They checked to make sure I was okay, if I needed medical help.  I was just shaken up, and my back hurt, but I told them that I already had a herniated disc in my back.  From my experience with these things, you can feel worse after you leave the scene, but it usually does not last.  So, they got all my information down and gave me a card where to get an accident report.  I have to call there week-after-next.  I guess the woman was issued a citation, but I never saw it, and I surely was not issued one.  They would soon turn me loose, and I was already thinking, “now what?”  My truck was apparently easily drivable with little or no noticeable effects from the collision.  It would veer off to the right if I let go of the steering wheel, but I’m due for a front-end-alignment anyway, and it may have something to do with tire pressure too.

The Forgiveness

Some of these first responders knew this old woman.  The old woman was starting to express feelings of distraught at the whole situation, and I am grateful to have witnessed this, because my anger needed to melt.  I mean, she is old, and we’ll be there soon enough.  From within, I felt impelled to do something about it, but what?  I walked over there, patted her on the shoulder, and told her – as the first responders were telling her – that it was okay; I’m not sure that she knew that it was I patting her on the shoulder, as she did not look up, and as I did not want to be too provocative.  However effective it was that the victim of her violation told her that it was okay, I do not know and almost certainly never will know, but, as the emotionally mature among you can probably already suspect, it helped me, for, you must know, forgiveness is what one does for the self.

The Gift

I was freed, both from the scene of the accident and from the anger, though not yet entirely from the guilt; that takes time!  I just hope that that woman was and is okay; now, the reason for the selection of today’s song is revealed (but only if you already know the story of the song, and I’ll leave the details to the ineterested reader, but your own internet searching skills could probably give you the answer.)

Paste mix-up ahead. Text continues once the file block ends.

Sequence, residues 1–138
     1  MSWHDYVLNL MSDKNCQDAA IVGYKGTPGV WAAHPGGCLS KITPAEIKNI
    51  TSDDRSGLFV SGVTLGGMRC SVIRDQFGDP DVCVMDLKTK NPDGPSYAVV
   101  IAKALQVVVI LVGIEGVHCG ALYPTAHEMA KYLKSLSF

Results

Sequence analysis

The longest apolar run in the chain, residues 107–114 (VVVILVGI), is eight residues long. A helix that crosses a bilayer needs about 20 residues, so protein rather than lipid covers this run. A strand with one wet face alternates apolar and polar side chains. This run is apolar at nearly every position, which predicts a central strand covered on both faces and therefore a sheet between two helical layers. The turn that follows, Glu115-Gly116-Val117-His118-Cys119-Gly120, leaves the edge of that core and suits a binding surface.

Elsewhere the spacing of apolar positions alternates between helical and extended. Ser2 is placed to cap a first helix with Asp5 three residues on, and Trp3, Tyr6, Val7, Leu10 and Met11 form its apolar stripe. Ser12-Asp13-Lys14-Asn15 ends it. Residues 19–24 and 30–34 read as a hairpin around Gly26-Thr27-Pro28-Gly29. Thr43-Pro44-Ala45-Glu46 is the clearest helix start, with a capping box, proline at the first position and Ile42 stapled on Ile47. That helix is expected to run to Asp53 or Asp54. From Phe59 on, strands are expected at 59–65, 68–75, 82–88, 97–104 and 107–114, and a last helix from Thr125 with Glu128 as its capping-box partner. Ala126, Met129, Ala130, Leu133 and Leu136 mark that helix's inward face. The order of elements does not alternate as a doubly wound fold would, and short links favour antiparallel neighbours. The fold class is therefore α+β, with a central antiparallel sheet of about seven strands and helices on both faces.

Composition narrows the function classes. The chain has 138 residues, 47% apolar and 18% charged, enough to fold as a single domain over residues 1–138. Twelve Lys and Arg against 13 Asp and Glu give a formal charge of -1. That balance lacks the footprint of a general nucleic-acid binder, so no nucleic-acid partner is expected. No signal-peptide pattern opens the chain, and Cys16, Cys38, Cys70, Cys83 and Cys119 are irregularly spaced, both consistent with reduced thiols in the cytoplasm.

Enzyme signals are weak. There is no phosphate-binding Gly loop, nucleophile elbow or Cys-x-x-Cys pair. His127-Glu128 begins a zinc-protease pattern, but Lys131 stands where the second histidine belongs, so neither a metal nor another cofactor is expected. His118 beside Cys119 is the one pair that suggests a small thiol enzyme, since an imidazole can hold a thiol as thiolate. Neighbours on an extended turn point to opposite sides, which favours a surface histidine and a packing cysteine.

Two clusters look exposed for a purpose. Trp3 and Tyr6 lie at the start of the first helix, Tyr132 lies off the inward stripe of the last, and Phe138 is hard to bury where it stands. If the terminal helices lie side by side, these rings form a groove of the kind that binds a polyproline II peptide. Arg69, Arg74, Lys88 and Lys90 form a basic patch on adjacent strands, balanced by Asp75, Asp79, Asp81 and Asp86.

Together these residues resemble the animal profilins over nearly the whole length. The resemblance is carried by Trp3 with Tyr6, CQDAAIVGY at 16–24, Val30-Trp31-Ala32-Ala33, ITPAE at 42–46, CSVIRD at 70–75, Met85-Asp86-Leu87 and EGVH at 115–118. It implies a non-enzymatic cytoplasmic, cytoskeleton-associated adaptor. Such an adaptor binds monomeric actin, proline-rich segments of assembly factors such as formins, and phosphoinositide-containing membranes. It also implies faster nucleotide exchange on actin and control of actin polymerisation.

So, I continued northward, hoping that the old woman was okay, and now with the train – if it was out there at all – presumably further ahead of me.  Since switching in Wiggins can take an hour, and since Carter reported that the crew sometimes stops the train and eats in Wiggins, I figured that I’d find the train in Wiggins. I was very disappointed when I got to Wiggins and found no sign of the train.

The Guilt

Here comes the guilt again!  I really should not have bothered to come out here at all. Oh, stop!  Stop thinking like that.

I thought about trying my old method at stopping at some trackside business and asking if anyone there saw the train pass by, but you can’t rely on people who don’t care about the train to tell you if it passed.

The Knowledge

Many minutes later, I got to Brooklyn, and there were some men with blowers cleaning the bridge.  I stopped and asked one of them!  He said that the northbound train had passed about 20 minutes before!  Yes!  This was the first seemingly credible intel that I had received all day.

The Find

I might as well go to Hattiesburg.  I finally caught up to the train at the Tatum Road crossing south of Hattiesburg.  It appeared to have been switching at that little track near US Hwy 98, apparently putting all of its Norfolk-Southern-bound pickups from Wiggins on the front end where the NS-bound block from Gulfport already is and its Gulfport turnarounds from Wiggins behind them.

Well, here is the train, and check out those grey SD40-2s!

Hey, look, boxcars and poles!

The first boxcar seen in the above picture is, as we shall soon see, part of the interchange cut to the delivered to the NS.  So, at least the second boxcar and the gondola carrying poles (and possibly the boxcar behind it too) came from Wiggins too and are not bound for NS interchange; they are probably either staying on KCS or going somewhere on the Canadian National Railway which, in any case, means that they’ll leave Hattiesburg on CN rails.

The Yard

I seem vaguely to recall having visited CN’s Bell Yard in Hattiesburg many moons ago, perhaps when TS and I visited the area in April 2007.  So, this must be my second visit to Bell Yard, and we see the KCS train arriving.

This was neat, because of all my trips to the Gulfport Sub, this was my first time witnessing what actually happens with the interchanging at the yards in Hattiesburg.  This is new now that the turn is made in one day, since this would all happen at night (usually) in the old days.